The design of the house is a direct extension of the owner's personality. To me personally it conveys the marriage of heritage with new age design.
The client wanted a home that reflected them and their tastes. They were very clear that this home was built for them and not as a showcase. The final result captured that beautifully. The inspiration behind this design was trying to retain the Indian roots in terms of shapes, materials and colour. It was a seamless blend of old meets new. There was no colour scheme as such. We created a neutral background and spruced it up with happier colours as required. I have a personal preference of organic breathable fabrics like jute, linen and cotton. For me, lighting is all about creating a mood. So when we review a project at completion, lighting is an extremely important factor. In some cases, certain walls need to be highlighted and controlled lighting needs to take a backseat.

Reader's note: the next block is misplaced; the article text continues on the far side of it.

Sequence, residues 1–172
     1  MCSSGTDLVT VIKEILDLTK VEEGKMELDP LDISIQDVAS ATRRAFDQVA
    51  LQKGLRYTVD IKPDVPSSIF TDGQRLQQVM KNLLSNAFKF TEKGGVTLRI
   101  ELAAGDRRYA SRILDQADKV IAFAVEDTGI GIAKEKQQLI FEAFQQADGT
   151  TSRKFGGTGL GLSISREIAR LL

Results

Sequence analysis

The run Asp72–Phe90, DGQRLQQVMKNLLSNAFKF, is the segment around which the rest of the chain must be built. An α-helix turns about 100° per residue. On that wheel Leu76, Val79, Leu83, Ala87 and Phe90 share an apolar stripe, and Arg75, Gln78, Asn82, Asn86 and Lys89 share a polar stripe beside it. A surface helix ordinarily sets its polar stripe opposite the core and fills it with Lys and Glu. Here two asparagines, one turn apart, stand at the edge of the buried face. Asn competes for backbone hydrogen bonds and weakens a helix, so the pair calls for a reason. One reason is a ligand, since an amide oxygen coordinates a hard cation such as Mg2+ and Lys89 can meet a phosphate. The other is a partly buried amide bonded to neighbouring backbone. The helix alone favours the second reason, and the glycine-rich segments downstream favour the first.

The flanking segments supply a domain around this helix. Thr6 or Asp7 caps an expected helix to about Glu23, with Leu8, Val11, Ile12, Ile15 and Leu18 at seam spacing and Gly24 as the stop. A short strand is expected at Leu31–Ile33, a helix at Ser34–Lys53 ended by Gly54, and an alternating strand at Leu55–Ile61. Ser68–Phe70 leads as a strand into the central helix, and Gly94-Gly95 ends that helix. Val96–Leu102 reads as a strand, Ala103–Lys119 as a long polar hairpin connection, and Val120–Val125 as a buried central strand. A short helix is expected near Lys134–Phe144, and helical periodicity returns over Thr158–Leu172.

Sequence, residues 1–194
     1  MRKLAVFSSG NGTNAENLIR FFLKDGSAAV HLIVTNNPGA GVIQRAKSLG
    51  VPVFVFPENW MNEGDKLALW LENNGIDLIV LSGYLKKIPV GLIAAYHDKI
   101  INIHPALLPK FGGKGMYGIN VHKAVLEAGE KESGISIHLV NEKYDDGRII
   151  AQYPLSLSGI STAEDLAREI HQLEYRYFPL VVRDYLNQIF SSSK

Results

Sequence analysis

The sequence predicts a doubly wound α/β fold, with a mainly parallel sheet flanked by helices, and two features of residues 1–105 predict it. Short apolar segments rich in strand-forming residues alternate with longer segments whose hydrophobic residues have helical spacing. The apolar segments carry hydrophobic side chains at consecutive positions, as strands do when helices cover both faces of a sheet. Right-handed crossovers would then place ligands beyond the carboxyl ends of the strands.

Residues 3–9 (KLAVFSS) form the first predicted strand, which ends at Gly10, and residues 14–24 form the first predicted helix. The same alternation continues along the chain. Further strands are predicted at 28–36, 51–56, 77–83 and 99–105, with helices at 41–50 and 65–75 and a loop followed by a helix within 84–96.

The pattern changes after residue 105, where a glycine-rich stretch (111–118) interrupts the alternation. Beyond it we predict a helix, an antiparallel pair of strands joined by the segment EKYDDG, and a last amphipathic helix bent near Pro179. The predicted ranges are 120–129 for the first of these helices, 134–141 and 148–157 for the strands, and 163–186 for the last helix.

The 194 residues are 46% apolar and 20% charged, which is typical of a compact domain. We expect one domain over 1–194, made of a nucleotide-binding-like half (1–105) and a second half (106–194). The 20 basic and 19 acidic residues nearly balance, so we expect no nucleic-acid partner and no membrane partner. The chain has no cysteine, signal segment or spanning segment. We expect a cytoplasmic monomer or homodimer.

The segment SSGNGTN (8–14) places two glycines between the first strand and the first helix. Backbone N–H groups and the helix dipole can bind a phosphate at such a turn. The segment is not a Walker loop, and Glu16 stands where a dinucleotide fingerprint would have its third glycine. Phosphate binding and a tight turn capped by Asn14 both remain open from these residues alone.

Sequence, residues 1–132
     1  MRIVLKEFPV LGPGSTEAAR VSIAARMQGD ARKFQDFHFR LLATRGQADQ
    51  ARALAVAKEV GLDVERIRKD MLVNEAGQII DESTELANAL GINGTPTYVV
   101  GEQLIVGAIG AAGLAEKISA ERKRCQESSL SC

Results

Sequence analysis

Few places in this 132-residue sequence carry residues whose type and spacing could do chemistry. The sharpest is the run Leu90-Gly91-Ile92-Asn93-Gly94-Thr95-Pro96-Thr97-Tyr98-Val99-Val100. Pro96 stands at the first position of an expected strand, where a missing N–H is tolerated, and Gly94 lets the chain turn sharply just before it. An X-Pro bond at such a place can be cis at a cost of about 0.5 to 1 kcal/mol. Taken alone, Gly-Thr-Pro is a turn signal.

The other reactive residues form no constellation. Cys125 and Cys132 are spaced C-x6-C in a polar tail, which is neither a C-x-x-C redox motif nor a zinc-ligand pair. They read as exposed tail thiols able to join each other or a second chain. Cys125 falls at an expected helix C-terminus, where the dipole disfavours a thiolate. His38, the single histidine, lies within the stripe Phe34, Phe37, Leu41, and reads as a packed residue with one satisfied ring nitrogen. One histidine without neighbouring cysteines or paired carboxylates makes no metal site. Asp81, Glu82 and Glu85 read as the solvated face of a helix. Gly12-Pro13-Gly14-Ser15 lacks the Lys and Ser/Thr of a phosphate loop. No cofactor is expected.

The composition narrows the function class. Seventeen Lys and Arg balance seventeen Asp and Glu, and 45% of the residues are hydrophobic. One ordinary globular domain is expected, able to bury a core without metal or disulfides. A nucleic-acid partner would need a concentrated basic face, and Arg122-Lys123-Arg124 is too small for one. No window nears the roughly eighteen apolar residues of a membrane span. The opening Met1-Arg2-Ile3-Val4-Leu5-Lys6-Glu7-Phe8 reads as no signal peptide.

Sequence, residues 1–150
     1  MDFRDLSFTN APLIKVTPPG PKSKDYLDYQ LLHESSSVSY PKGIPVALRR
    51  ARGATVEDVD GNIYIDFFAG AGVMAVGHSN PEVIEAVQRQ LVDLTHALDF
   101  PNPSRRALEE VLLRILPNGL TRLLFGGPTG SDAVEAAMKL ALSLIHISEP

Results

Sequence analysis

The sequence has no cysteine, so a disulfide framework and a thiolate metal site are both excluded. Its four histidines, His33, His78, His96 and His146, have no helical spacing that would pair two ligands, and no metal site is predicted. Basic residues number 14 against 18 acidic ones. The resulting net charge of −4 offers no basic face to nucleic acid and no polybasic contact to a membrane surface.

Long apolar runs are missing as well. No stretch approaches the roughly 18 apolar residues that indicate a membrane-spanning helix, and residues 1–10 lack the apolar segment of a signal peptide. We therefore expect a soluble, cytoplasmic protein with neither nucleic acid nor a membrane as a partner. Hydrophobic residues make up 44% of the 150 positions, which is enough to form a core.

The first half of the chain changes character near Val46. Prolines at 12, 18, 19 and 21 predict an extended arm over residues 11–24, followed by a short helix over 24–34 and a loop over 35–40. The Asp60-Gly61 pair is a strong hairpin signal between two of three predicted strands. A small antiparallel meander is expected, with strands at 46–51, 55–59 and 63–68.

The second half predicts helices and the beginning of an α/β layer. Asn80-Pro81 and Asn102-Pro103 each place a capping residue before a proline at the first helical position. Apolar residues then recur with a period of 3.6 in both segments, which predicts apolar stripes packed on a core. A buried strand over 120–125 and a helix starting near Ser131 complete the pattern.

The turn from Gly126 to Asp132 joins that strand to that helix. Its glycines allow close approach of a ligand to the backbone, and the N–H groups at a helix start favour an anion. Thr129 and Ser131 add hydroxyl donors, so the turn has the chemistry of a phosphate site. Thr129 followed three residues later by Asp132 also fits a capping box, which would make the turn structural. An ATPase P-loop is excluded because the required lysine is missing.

Colors are about control. One cannot afford to go overboard with it, there is a fine line between the right amount of colour and too much of it. This needs to be balanced. It completely livens the space but at the same time, there is beauty in the grays. We used furniture that was more modern, as the overall setting was old world. Clean lines with monochromatic colours dominated the furniture style. Colours are essential to create the mood you would like a person to enjoy within the given space. For e.g.: A completely white space could make the space more serene as v/s a gray, which could look great and modern but could put you in a slightly more placid mood. A combination of happy colours with the plains works best. There was an open terrace which needed to become an enclosed space whilst still retaining the sanctity of the vernacular elevation. Other than this, it was a beautiful growth from concept to actualization.